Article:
Is gambling debt ruining my life?

Dear Liz: I have a terrible habit. I’ve been clean and sober for 24 years now, but I’m a gambler. I’m in debt over $100,000. Yes, it’s bad, but it used to be worse: I owed $204,000 to banks, loan sharks, family members, you name it. In the last seven years I’ve been able to cut the debt in half, but when I’m done paying off the debt I’ll be 62 with no savings and no 401(k) plan. I’ll get a pension from my work of about $3,400 a month and $1,400 from Social Security. I’m afraid $4,800 a month will not be enough for me. Is there anything I could do now to make things better?

Answer: You don’t have a habit. You have an addiction. And it’s not clear you’re dealing with it, since you refer to yourself in the present tense as a gambler.  If you’re still gambling, all your efforts to pay off your debt and build a financial secure future for yourself are likely to be pointless. Although $4,800 a month is more than most people have in retirement, you’re right that it won’t be enough to feed your addiction.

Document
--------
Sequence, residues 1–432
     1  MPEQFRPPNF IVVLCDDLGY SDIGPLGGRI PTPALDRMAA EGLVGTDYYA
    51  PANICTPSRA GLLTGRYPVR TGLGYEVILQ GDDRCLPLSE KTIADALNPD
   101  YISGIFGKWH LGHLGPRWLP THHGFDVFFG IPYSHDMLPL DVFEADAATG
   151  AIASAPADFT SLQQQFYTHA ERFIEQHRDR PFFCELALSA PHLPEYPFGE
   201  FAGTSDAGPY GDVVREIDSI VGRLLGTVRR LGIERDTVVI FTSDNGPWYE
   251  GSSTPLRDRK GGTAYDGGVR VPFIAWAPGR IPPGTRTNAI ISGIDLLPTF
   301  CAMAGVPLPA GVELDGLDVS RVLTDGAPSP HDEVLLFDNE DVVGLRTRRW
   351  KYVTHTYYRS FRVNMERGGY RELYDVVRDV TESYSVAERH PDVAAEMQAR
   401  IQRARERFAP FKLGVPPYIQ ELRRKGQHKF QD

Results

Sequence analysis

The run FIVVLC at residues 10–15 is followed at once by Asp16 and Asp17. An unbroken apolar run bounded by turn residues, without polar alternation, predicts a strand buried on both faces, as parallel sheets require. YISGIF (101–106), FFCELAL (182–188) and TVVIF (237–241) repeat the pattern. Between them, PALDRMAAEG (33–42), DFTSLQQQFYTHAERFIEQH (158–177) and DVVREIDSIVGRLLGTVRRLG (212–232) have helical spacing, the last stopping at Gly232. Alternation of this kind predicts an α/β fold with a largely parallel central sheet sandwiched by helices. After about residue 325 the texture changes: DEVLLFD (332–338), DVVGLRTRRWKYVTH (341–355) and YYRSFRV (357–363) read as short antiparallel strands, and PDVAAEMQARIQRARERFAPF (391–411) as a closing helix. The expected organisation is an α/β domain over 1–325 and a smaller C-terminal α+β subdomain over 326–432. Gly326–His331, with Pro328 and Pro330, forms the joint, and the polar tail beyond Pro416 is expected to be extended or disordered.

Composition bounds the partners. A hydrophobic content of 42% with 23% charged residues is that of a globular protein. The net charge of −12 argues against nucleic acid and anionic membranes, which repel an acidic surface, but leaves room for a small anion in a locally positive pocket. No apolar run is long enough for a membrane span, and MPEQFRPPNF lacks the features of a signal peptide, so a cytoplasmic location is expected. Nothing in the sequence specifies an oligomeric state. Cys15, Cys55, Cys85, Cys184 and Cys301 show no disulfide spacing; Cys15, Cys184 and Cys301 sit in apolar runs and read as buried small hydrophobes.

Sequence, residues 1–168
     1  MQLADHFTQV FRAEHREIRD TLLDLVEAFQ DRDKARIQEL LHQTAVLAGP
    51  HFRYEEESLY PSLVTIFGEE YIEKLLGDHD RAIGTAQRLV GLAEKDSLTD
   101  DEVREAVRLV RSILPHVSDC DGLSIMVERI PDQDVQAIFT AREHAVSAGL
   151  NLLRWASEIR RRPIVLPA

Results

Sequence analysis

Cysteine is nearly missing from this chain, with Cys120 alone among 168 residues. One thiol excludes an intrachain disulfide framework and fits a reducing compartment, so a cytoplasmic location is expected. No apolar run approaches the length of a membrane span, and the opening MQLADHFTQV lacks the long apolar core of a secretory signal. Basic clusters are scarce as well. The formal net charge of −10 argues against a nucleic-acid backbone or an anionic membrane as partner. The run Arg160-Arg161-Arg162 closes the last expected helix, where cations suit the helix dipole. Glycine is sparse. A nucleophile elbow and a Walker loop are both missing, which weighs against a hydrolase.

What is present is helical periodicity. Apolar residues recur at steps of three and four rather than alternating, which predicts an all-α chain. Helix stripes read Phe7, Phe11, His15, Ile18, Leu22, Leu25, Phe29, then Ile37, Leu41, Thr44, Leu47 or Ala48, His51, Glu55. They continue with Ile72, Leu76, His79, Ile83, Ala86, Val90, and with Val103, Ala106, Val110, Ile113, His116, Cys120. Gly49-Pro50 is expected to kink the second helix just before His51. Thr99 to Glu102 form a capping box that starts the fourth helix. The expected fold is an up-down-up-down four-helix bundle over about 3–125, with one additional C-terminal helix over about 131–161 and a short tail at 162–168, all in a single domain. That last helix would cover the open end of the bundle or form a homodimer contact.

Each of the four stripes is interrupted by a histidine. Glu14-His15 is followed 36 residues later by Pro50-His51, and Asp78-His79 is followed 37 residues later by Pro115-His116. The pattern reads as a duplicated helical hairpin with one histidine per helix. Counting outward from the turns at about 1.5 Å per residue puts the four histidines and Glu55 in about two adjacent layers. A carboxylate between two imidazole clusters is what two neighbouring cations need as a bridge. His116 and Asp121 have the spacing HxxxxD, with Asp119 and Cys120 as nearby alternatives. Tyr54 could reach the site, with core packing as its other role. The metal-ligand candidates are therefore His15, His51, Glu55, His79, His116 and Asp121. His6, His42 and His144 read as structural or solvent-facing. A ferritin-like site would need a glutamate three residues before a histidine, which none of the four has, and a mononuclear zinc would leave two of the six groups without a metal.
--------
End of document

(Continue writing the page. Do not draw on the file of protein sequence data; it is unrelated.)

If you haven’t already, consider checking out Gamblers Anonymous, a 12-step program based on the principles of Alcoholics Anonymous.

Anyone who wants to build a retirement fund can contribute to an individual retirement account (IRA) or Roth IRA, as long as the person or the spouse has earned income. You can contribute up to $5,000 a year if you’re under 50, or $6,000 if you’re older.
Liz Weston is “The most-read personal finance columnist on the Internet” (Nielsen/NetRatings) and author of “The 10 Commandments of Money” and “Your Credit Score.”